In February of 2012, I participated in an event discussing the crisis in Bahrain. That was the only event since then to put people from different parts of the political spectrum on the same panel publicly in Bahrain. For many reasons such events stopped in Bahrain until recently that is.
Bahrain Debate is an initiative to try and find alternative solutions for the political crisis in Bahrain. The pilot session was mostly a debate in the matters of human rights, political development, the future of the country and the role of youth in Bahrain.
In a report by the think tank Chatham House, Bahrain Debate was cited as one of the civil society initiatives that could help find new and creative solutions to the crisis in Bahrain.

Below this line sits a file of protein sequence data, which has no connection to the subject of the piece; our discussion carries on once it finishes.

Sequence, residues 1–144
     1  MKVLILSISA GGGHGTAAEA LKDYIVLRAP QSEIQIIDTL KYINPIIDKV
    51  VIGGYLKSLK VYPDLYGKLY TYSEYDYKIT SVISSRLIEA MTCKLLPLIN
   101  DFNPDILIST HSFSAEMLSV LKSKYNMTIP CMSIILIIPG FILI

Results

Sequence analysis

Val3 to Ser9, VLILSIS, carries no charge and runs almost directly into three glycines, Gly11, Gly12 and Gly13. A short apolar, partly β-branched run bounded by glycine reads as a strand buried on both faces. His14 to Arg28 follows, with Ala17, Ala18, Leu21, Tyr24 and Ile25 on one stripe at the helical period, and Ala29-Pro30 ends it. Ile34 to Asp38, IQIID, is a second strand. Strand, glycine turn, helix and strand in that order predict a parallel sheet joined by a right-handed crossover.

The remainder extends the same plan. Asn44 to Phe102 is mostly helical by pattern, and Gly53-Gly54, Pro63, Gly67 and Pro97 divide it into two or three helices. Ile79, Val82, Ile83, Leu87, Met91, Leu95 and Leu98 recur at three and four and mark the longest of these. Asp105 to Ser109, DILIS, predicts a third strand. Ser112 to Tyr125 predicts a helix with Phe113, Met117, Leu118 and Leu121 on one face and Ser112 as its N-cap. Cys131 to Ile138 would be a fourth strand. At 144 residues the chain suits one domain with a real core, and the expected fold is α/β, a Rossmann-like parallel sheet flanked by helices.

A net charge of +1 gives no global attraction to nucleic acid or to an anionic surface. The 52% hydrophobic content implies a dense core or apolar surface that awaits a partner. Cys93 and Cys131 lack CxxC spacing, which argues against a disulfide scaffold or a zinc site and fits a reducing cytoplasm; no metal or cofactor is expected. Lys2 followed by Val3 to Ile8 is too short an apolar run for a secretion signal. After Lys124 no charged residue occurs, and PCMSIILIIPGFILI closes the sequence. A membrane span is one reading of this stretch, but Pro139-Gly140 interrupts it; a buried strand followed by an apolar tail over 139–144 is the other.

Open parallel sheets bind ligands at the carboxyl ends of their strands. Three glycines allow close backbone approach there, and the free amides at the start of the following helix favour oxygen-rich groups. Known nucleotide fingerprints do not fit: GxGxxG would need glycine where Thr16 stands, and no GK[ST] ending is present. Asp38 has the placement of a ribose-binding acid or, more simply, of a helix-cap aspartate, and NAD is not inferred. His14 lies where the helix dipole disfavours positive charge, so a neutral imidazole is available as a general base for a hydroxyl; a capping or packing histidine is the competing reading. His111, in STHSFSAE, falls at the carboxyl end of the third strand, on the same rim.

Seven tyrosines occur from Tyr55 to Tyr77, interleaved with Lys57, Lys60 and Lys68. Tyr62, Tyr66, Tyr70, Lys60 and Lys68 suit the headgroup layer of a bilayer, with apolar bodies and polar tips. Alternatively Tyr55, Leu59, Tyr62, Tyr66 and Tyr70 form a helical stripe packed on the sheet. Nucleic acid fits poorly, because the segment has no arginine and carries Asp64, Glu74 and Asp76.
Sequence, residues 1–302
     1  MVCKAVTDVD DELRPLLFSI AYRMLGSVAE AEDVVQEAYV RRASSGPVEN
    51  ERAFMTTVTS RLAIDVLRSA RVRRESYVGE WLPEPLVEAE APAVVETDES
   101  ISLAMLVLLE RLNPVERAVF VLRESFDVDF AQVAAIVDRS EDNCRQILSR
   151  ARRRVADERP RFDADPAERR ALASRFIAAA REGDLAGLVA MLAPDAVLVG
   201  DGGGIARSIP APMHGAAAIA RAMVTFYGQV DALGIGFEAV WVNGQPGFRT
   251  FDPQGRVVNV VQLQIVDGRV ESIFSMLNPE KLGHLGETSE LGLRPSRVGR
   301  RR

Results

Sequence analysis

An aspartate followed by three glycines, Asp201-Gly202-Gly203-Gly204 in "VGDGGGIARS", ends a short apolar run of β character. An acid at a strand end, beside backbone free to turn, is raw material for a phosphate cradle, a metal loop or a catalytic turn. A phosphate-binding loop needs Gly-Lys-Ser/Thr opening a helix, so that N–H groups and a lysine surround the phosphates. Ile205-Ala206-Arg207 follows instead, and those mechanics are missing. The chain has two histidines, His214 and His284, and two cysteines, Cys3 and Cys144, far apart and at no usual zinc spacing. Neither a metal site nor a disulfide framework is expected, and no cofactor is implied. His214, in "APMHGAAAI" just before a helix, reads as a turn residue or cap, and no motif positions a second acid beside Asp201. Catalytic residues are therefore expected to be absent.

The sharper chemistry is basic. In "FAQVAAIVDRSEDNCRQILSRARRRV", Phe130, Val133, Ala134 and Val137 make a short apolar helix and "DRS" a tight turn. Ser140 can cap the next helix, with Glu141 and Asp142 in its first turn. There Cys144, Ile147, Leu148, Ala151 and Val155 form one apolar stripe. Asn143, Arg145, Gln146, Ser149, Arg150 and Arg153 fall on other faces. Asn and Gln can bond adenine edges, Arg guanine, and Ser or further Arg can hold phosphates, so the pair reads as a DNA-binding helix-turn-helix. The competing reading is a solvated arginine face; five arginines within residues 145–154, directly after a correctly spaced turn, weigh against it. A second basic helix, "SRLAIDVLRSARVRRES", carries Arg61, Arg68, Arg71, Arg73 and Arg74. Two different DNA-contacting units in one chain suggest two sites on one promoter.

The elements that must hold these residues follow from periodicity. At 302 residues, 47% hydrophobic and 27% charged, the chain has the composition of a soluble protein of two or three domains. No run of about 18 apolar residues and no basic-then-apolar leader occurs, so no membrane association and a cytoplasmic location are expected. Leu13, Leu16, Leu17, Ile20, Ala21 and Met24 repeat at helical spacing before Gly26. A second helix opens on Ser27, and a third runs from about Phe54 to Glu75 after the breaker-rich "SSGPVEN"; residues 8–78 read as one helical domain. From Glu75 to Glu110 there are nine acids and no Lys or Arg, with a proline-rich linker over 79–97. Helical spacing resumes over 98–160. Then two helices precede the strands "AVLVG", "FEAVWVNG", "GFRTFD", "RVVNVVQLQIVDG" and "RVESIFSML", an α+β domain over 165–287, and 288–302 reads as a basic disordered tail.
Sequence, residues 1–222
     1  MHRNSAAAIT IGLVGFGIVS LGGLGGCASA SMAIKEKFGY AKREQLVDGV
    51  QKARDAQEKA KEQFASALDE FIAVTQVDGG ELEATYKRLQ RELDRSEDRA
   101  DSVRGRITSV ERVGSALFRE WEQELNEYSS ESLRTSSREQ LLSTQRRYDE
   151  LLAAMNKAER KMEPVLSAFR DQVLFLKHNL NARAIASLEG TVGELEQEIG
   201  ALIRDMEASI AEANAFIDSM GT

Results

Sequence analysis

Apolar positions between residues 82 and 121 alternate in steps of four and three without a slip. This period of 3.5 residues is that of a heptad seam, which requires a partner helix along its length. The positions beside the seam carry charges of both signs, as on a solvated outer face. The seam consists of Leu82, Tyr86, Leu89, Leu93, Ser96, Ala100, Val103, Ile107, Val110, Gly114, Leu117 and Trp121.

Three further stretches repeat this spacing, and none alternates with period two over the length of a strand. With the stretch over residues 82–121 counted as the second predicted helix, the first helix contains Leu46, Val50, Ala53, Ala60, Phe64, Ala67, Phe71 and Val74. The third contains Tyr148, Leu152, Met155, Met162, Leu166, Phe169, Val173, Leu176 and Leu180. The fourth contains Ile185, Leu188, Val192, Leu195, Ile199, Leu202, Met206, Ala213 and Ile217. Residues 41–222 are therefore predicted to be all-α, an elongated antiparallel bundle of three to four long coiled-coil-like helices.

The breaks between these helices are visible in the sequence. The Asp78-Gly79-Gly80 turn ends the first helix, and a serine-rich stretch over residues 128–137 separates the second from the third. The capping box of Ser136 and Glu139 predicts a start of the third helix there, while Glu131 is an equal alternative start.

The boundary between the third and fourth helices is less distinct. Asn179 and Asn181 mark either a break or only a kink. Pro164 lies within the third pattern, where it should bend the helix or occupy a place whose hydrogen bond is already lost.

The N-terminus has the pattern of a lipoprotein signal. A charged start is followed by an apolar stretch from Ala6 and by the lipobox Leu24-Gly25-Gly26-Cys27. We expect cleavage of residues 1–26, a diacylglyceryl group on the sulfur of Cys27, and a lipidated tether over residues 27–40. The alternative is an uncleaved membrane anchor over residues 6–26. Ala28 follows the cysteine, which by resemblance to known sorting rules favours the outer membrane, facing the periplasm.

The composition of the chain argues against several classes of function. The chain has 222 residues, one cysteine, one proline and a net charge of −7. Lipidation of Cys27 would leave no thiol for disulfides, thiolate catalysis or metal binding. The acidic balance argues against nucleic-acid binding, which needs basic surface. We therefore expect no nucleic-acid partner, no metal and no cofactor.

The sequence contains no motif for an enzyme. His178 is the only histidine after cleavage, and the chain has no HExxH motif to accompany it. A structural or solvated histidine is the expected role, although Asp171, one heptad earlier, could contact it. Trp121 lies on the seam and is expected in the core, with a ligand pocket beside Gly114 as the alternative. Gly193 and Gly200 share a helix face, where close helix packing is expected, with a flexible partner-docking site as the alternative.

The report says:
in 2012, a group of Bahraini young people held a rare public political debate, the ‘Bahrain Debate’,
at the Alumni Club in the capital. The purpose was to discuss the country’s political crisis in an open
forum that was streamed live online; the organizers said the 50 tickets for the event sold out in less
than 10 minutes. The debate was praised by Bahrainis from across the political spectrum as a rare
example of civil-society dialogue, but it has not been repeated since.
In an effort to try and re-ignite the collective brainstorming effort, a group of students in the UK decided to re-engage in a debate about the future of the conflict.
In their statement, Bahrain Debate organizers say:
“The goal of this event which is organised with the SOAS Mena Society is to rethink the conflict with a focus on political economic, historic and societal aspects. The initiative shall then decentralize and have independent bodies host debates under our umbrella, with the concept of an “in-house” debate for closely aligned political actors to debate the best approaches/policy etc”